September 23, 2015, 10:30 p.m. (EST),FXX
Season two of You’re the Worst is, much more blatantly than its predecessor, about the process of maturation. The show’s core foursome are emotionally stunted, willfully obtuse, and wrenchingly unwilling to confront their adulthood head on. Yet the trappings of an adult life have a crushing gravitational pull. Despite their best efforts, Gretchen and Jimmy are in an adult relationship, surrounded by adult people, doing adult things like “procreating” and “not partying as hard.” Its depressing to see your friends do things like that until, suddenly, like a switch has been flipped, it becomes depressing to be the one not doing those things.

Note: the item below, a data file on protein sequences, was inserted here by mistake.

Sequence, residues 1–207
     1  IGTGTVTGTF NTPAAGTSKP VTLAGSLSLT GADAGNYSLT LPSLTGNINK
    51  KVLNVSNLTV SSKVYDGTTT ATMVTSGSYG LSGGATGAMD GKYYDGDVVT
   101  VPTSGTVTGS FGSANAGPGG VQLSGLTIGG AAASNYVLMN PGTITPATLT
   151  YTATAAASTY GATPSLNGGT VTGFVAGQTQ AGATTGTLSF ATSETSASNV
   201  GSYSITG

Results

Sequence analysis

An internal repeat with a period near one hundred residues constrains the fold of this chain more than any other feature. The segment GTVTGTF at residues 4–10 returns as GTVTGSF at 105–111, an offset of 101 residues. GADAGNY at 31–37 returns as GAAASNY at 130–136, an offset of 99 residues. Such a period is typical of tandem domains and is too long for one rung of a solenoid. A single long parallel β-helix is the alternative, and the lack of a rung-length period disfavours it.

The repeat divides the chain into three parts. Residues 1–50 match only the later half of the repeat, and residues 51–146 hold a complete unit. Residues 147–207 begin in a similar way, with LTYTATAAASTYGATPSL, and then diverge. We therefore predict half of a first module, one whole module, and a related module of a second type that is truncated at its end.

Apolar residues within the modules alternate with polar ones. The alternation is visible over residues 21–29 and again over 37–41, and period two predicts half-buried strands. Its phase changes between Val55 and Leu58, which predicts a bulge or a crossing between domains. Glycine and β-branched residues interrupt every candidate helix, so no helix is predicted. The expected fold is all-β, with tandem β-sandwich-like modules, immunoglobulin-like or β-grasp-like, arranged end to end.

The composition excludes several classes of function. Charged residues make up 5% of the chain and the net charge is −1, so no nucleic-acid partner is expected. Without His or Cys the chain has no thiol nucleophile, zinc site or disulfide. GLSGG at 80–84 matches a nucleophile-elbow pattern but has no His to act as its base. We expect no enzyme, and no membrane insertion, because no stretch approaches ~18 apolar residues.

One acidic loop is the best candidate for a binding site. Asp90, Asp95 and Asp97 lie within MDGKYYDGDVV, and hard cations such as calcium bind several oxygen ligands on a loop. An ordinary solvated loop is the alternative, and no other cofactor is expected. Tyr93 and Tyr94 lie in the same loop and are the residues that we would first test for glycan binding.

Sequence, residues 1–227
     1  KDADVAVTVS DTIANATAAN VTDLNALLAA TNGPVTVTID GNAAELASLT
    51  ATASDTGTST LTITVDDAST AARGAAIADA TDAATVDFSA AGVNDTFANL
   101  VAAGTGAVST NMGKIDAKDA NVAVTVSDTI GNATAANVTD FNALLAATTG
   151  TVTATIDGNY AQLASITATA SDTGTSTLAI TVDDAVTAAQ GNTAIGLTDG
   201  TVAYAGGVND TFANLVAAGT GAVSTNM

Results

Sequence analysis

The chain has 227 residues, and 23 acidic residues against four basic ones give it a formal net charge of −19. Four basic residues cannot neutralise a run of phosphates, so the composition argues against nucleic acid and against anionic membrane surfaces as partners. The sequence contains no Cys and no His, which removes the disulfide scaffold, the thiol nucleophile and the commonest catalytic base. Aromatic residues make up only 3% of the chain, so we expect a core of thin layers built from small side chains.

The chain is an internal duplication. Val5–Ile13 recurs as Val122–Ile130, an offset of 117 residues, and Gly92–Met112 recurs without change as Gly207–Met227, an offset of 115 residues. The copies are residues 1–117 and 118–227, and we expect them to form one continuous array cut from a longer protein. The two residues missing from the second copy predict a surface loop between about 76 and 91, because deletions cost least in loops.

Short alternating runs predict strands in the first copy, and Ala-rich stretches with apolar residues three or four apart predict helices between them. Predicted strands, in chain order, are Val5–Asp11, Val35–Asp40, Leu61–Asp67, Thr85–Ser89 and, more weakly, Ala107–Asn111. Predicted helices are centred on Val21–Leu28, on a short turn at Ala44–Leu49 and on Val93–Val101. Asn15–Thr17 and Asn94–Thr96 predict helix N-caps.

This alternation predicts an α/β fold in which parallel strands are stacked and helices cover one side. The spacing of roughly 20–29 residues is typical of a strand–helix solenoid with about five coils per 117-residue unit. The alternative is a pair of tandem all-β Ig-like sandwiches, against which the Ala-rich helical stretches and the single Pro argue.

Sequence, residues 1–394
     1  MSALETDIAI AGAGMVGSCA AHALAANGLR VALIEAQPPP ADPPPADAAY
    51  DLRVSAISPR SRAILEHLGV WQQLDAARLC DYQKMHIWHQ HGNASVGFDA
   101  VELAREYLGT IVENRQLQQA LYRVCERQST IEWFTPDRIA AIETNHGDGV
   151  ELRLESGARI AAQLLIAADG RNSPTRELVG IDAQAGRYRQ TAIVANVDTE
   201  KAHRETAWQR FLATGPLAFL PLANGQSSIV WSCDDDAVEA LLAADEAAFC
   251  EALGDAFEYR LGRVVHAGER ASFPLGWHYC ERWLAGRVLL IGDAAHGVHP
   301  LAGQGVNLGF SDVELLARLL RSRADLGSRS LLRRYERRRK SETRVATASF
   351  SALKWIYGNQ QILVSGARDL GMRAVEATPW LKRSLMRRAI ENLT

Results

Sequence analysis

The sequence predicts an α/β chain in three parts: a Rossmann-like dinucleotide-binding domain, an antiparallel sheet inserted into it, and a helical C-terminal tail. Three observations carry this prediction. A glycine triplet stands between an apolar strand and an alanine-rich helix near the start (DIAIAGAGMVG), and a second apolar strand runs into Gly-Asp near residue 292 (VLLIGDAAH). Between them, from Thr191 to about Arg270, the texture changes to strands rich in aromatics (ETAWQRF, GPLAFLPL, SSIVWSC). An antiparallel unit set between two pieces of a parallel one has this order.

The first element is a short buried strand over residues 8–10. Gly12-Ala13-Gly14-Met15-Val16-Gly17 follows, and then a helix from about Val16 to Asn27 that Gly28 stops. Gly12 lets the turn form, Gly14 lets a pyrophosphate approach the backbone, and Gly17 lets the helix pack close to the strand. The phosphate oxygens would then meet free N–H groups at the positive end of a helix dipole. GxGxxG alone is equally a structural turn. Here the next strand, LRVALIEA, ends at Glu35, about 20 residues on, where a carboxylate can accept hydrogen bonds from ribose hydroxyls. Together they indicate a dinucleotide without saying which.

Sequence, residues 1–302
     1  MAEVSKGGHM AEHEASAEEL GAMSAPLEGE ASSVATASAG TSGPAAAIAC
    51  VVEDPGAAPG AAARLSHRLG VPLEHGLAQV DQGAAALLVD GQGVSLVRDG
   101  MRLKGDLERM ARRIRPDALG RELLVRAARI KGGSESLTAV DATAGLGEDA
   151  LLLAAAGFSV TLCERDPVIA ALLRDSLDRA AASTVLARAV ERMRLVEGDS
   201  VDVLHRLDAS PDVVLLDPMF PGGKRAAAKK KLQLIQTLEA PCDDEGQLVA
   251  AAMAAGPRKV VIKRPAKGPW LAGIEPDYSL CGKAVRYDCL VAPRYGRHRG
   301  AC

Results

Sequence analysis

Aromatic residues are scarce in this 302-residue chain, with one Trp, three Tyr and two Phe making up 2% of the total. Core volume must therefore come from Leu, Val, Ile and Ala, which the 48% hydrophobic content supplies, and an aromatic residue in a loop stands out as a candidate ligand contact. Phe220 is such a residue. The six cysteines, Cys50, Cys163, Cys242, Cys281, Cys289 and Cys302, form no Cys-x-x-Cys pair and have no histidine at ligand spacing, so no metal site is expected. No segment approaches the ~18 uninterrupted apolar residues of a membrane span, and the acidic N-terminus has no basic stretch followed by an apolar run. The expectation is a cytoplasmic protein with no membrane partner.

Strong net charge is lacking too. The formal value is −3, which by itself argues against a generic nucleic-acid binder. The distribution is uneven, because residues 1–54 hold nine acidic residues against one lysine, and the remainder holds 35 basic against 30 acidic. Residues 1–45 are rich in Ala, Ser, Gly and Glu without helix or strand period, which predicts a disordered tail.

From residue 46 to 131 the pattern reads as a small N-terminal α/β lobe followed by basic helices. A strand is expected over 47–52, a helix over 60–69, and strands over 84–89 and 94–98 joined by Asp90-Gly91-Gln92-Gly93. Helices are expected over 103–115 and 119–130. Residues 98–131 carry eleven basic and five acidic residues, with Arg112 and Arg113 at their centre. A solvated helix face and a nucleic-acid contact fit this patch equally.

“Born Dead” is too obvious in the way it confronts this idea. Gretchen’s friends have settled down, and she sees nothing of herself in them, and nothing of herself in Cory, the lone holdout who recently got kicked out of her shelter for fighting. Her friends have moved off in opposite directions without her, and she is left to look at both ends of the spectrum of what she might become. There are still a lot of good jokes around the margins of this plotline, but it wears far too much of the point on its sleeve. At its best, You’re the Worst is explicitly not about people conforming their lives to societal expectations, but rather about people learning to accept themselves and what they want. Most romantic comedies are centrally concerned with the characters normalizing themselves so that they can become worthy of love. Womanizers learn the error of their ways. Control freaks learn to embrace spontaneity. Flaws are ironed out into bland sameness within 90 minutes so everyone can go home feeling like lessons were learned. But You’re the Worst is not that way, or at least, it didn’t use to be.